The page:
> you can reinitialize your Nano S as a new U2F device

According to the yubico explanation linked from article, U2F includes cloning protection (an authentication counter, which the site should check has increased vs. its last known value), so that might not actually work if the site you are authenticating against is well-implemented (Unless the Nano S also lets you back up the counter value).

> ... so that might not actually work if the site you are authenticating against is well-implemented

I'm using it on several sites and already did swap / reinitialize my U2F devices... It works, including on GMail. As I understand it the most recent Webauthn is going to be supported by Ledger soon.

I don't think they're non-compliant or badly implemented websites: although I'm not sure what the specs say.

I do personally love that I can back up my "seed" and know that by going to pick my safe at the bank I'll always be able to reinitialize an U2F device and I'll also really love that it displays "Google" on the Ledger Nano S's tiny screen.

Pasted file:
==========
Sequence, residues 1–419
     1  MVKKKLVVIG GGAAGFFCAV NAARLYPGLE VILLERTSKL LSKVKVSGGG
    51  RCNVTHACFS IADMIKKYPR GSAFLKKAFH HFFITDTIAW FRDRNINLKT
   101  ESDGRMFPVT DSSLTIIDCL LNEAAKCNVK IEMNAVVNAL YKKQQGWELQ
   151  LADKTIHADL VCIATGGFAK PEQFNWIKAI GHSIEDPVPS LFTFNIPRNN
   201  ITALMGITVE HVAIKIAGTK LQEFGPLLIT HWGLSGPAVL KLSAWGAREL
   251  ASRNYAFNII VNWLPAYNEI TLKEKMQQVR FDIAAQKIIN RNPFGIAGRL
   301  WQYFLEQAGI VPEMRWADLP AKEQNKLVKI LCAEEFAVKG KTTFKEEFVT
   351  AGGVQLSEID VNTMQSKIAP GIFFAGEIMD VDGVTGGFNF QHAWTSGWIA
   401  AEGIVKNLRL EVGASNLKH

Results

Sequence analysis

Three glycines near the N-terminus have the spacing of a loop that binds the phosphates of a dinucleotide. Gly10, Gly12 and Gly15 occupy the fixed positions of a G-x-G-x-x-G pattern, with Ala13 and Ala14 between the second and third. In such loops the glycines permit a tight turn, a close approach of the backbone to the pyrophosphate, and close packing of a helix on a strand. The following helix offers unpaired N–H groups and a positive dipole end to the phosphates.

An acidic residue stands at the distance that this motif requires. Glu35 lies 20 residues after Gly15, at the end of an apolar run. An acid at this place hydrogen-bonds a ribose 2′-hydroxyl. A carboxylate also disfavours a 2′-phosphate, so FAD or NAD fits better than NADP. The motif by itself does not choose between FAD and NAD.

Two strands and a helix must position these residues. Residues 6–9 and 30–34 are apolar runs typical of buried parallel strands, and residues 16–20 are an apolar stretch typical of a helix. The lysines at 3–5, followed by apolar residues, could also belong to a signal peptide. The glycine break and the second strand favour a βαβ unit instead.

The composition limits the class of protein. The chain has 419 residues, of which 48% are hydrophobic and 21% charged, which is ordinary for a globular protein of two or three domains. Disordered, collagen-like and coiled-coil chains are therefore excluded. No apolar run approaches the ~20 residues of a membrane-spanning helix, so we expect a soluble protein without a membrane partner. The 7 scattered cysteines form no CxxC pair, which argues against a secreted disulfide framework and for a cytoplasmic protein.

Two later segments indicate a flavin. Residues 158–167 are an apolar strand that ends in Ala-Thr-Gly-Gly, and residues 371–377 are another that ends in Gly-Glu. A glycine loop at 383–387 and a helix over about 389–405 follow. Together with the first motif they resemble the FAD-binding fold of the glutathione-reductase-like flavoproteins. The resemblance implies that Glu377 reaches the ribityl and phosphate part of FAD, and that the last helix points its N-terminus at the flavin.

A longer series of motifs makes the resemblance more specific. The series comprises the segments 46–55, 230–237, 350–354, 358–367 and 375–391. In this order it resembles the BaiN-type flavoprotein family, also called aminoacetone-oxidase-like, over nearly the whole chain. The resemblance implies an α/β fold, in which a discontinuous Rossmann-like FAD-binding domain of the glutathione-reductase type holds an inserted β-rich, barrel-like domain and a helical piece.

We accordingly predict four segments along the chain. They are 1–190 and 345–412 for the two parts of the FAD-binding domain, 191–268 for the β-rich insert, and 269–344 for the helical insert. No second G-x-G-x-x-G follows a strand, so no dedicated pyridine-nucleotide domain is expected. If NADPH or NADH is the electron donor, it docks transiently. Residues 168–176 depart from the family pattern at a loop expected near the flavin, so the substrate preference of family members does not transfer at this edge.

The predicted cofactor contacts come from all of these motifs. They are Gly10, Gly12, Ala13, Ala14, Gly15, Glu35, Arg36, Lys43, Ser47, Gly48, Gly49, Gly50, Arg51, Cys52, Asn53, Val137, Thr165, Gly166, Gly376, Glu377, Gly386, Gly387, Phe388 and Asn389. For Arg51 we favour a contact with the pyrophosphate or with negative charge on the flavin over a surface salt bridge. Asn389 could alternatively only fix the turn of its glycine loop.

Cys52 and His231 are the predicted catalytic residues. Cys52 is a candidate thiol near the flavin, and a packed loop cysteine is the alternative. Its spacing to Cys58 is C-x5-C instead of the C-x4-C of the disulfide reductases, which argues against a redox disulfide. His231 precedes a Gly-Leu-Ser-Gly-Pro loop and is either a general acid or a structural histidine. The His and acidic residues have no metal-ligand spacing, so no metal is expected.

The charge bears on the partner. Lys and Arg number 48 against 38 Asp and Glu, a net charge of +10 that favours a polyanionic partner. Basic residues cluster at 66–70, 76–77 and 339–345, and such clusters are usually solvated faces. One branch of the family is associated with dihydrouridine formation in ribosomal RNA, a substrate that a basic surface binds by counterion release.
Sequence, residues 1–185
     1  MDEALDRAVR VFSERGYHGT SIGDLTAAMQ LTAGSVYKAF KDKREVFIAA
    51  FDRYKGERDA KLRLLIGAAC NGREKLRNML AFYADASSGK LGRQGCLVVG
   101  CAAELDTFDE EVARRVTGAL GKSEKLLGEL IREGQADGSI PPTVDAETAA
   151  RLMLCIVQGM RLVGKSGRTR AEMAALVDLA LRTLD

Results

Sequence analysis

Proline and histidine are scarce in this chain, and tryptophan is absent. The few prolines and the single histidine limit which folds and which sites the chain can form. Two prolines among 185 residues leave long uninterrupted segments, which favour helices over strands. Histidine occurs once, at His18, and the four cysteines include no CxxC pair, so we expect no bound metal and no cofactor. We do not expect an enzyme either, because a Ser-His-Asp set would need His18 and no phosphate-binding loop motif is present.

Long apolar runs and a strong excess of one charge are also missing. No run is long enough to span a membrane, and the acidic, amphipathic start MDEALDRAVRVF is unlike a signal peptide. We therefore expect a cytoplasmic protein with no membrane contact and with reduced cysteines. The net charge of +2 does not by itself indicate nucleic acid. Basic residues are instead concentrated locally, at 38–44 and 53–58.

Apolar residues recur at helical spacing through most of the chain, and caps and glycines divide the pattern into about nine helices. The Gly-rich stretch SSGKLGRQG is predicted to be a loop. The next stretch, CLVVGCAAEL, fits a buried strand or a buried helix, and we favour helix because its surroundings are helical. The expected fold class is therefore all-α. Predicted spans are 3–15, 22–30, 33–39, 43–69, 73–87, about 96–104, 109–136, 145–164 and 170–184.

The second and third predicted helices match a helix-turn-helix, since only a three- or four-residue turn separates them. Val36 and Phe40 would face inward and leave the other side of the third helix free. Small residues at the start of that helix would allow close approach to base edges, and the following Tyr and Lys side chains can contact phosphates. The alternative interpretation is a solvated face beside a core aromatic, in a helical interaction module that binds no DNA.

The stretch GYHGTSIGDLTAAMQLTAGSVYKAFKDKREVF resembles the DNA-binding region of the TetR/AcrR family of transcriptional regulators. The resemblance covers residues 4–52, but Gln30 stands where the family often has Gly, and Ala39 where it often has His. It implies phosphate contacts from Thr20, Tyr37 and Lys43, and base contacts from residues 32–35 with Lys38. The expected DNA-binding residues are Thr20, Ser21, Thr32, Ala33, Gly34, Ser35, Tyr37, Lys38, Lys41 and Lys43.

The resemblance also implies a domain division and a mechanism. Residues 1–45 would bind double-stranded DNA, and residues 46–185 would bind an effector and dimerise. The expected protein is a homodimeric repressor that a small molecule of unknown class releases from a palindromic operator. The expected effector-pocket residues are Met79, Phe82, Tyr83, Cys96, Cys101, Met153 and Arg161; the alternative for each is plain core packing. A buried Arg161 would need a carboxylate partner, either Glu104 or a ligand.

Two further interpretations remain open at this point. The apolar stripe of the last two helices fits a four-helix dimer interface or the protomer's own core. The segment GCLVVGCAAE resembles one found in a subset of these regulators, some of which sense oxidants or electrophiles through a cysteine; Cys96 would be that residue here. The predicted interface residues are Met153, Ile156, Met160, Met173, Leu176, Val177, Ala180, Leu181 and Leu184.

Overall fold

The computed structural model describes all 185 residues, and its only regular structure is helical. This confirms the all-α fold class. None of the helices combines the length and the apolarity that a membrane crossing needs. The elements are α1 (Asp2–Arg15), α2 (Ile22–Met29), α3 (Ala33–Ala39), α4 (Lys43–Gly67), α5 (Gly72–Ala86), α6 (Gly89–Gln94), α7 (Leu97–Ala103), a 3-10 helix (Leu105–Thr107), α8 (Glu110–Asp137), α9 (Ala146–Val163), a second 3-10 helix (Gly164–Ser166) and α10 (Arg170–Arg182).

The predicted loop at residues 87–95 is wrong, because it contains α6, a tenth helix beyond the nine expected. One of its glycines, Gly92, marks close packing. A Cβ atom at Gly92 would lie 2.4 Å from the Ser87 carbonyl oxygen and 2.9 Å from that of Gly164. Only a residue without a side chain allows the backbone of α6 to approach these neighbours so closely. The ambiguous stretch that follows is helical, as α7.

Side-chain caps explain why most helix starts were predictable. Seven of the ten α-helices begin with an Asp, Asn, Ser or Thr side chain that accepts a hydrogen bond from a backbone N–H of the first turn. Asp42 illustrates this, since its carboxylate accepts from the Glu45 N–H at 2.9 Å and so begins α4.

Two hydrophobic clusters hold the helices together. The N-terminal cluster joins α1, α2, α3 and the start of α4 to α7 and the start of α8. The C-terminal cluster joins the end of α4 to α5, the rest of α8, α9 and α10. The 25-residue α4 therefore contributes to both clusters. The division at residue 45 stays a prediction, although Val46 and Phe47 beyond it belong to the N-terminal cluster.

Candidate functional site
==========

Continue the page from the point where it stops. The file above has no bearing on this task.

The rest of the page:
Pricey little thing to use as "only" an U2F device: about 60 USD but I like it a lot.

> (Unless the Nano S also lets you back up the counter value)

Late reply but... As I understand it as long as the counter is monotonic it'll always work. What Ledger does (and apparently the Trezor too from reading this thread, another device with an HSM) is, upon initializing the U2F app the first time on your hardware device, is to set the counter to the current timestamp.

So basically: once you use another device to log in, then you cannot use the old one, unless you reinitialize it (and then it's the other you cannot use, unless you reinitialize it etc.). These devices do not have a clock, which is why it works that way (in the case of the Ledger Nano S / Ledger Nano X at least).